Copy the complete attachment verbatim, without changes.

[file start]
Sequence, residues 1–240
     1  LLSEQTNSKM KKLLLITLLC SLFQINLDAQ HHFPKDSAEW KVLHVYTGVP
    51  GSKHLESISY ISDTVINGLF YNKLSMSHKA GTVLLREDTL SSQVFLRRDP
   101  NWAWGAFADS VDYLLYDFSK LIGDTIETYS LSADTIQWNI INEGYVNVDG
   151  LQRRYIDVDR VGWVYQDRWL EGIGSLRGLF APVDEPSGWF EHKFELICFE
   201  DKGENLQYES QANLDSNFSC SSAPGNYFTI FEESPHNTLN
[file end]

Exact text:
Sequence, residues 1–240
     1  LLSEQTNSKM KKLLLITLLC SLFQINLDAQ HHFPKDSAEW KVLHVYTGVP
    51  GSKHLESISY ISDTVINGLF YNKLSMSHKA GTVLLREDTL SSQVFLRRDP
   101  NWAWGAFADS VDYLLYDFSK LIGDTIETYS LSADTIQWNI INEGYVNVDG
   151  LQRRYIDVDR VGWVYQDRWL EGIGSLRGLF APVDEPSGWF EHKFELICFE
   201  DKGENLQYES QANLDSNFSC SSAPGNYFTI FEESPHNTLN